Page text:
Column aliases are not supported (Redshift)

I was trying to create a materialized view recently, and got this error:

WARNING:  An incrementally maintained materialized view could not be created, 
reason: Column aliases are not supported. The materialized view created, ***, 
will be recomputed from scratch for every REFRESH.

My view definition did include some column aliases:

        trunc(date_col) date,
        count(*) as count1,
        sum(bar) as sum1,
        count(distinct baz) as count2
    FROM xxx
    GROUP BY 1, 2, 3, 4, 5;

so that did seem believable (although a little unreasonable, and not covered in the documented limitations).

I decided to split my view up, so I didn’t have multiple aggregations of the same type, and I could use the generated col names (e.g. count). I could then have a, non-materialized “super” view, to join them all back together again.

At this point, thanks to some incompetent copy pasta, I discovered that redshift would quite happily create an auto refresh view with a column alias.

Eventually, I realised that the real problem was the count(distinct), which makes much more sense. You can’t incrementally update it, without tracking all the existing values.

Side note: it is also possible to use `APPROXIMATE COUNT (DISTINCT …), with some caveats

Export CSV from Redshift

When connected to a database using psql, I would normally use the \copy meta-command to export data; but Redshift doesn’t seem to have implemented that (however it actually works, under the hood).

It is possible to copy data to S3, but you need an available bucket, and all the necessary IAM nonsense.

The simplest thing I’ve found, so far, is to set the output format:

\pset format csv

and then the output file:

\o foo.csv

before running your query:

select * ...

or from the cmd line:

psql ... -c "select ..." -o 'foo.csv' --csv

Removing (almost) duplicates in Redshift

The AWS Firehose guarantees “at least once” delivery, and Redshift doesn’t enforce uniqueness; which can result in duplicate rows. Or, if you are using an impure transform step (e.g. spot fx rates), with “almost duplicate” rows.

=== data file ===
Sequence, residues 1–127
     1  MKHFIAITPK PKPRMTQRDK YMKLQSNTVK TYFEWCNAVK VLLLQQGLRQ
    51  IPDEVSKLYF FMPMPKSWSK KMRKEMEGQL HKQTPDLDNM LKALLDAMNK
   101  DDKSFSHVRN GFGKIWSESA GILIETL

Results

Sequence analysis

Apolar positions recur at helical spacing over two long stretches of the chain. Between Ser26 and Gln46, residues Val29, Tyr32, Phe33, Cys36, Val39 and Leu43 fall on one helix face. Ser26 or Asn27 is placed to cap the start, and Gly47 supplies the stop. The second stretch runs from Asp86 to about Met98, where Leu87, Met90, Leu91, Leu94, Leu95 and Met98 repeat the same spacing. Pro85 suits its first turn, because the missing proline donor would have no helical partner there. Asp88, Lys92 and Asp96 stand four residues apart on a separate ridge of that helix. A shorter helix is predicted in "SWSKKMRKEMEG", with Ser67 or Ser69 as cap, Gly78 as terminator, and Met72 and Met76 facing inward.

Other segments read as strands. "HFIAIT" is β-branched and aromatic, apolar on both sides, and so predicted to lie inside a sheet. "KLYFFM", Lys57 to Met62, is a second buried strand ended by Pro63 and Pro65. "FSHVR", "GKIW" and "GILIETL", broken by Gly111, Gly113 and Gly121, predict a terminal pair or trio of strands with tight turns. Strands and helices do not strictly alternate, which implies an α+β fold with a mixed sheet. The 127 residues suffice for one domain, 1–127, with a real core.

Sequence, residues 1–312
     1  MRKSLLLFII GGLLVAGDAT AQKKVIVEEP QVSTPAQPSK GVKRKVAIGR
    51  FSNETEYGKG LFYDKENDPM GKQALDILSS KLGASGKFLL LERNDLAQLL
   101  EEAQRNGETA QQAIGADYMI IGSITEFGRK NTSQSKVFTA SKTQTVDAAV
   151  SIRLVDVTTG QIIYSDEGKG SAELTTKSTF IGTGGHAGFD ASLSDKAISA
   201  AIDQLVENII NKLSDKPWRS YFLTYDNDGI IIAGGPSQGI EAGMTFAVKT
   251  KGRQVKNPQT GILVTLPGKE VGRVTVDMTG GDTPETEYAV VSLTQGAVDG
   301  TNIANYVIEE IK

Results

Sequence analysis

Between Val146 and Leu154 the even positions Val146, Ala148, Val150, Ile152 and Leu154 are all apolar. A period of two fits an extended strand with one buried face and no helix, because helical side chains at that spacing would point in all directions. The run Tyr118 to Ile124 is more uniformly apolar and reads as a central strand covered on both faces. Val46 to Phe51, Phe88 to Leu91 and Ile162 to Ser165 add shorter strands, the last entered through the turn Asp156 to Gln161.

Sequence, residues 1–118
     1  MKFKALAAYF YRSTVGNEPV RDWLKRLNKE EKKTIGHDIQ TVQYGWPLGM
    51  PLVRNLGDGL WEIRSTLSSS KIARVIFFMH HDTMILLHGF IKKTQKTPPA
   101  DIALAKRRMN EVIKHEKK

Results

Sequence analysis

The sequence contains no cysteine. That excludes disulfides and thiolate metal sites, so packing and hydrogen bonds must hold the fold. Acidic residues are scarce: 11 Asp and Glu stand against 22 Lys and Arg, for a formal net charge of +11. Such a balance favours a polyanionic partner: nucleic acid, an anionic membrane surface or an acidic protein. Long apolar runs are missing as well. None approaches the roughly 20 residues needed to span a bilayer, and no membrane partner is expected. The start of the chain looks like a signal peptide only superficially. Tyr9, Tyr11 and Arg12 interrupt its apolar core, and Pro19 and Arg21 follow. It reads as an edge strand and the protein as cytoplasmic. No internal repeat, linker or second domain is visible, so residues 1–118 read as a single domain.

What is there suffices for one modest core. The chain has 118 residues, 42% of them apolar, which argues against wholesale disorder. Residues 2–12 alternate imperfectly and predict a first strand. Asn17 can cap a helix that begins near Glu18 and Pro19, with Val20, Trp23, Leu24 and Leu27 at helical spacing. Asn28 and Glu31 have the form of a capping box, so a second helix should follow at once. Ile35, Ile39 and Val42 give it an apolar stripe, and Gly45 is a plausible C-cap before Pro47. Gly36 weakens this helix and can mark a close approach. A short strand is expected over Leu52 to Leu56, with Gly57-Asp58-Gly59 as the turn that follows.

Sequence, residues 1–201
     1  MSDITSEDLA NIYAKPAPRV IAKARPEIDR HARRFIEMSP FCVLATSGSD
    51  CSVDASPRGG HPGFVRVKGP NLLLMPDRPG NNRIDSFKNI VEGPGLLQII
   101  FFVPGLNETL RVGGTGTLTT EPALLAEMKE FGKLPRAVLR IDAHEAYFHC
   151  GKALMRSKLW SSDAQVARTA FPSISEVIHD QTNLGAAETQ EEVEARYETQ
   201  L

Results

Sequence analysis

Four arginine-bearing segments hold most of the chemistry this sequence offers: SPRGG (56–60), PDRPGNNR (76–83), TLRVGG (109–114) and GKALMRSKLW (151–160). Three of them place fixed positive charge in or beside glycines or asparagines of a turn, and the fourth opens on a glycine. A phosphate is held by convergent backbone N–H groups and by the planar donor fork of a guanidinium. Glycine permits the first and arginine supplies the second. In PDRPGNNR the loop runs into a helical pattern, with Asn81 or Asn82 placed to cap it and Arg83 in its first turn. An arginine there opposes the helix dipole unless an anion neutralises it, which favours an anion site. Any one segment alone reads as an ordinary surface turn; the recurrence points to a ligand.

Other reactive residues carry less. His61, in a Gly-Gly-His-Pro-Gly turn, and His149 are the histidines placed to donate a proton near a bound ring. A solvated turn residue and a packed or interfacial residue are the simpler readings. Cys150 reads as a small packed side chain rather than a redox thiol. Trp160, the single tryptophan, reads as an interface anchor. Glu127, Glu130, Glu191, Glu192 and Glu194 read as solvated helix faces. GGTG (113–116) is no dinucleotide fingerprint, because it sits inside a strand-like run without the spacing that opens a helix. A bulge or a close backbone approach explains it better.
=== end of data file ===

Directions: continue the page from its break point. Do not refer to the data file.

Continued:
The consensus seems to be to use a temp table, removing all the duplicate rows, and inserting them back just once. Which is very effective. But if you have “almost duplicates”, you need something slightly different (using DISTINCT will result in all the rows being added to the temp table).

CREATE TEMP TABLE duplicated_foo(LIKE foo);
ALTER TABLE duplicated_foo ADD COLUMN row_number integer;

You need an extra column in the temp table, for the row number.

INSERT INTO duplicated_foo
WITH dupes AS (
    SELECT id, region
    FROM foo
    GROUP BY id, region
    HAVING COUNT(*) > 1
), matches AS (
    SELECT foo.*, row_number() over (partition by, foo.region)
    FROM foo
    JOIN dupes ON =
        AND dupes.region = foo.region
FROM matches
WHERE row_number = 1;

We have a composite key, which complicates things further. This is taking the first row, that matches on both columns.

ALTER TABLE duplicated_foo DROP COLUMN row_number;

You can then drop the extra column from the temp table.

USING duplicated_foo
    AND foo.region = duplicated_foo.region;

-- Insert back in the single copies
FROM duplicated_foo;

Remove all duplicate rows (whatever that means to you), and copy back in the valid data.

Grouping by time period in Redshift

We use Redshift for reporting (or, more accurately, the tool we use for reporting uses Redshift).

It’s pretty simple to calculate daily rollups, using datetrunc:

select date_trunc('day', foo) date, sum(bar) bar
from [baz]
where ...
group by date

Or just by casting to a date:

select [foo:date] date, sum(bar) bar
from [baz]
where ...
group by date

But what if you want to slice into smaller time periods?

The easiest way I’ve found, is to use to_char, and format the timestamp appropriately. e.g.

select to_char(foo, 'YYYY-MM-DD HH24:MI') date, sum(bar) bar
from [baz]
where ...
group by date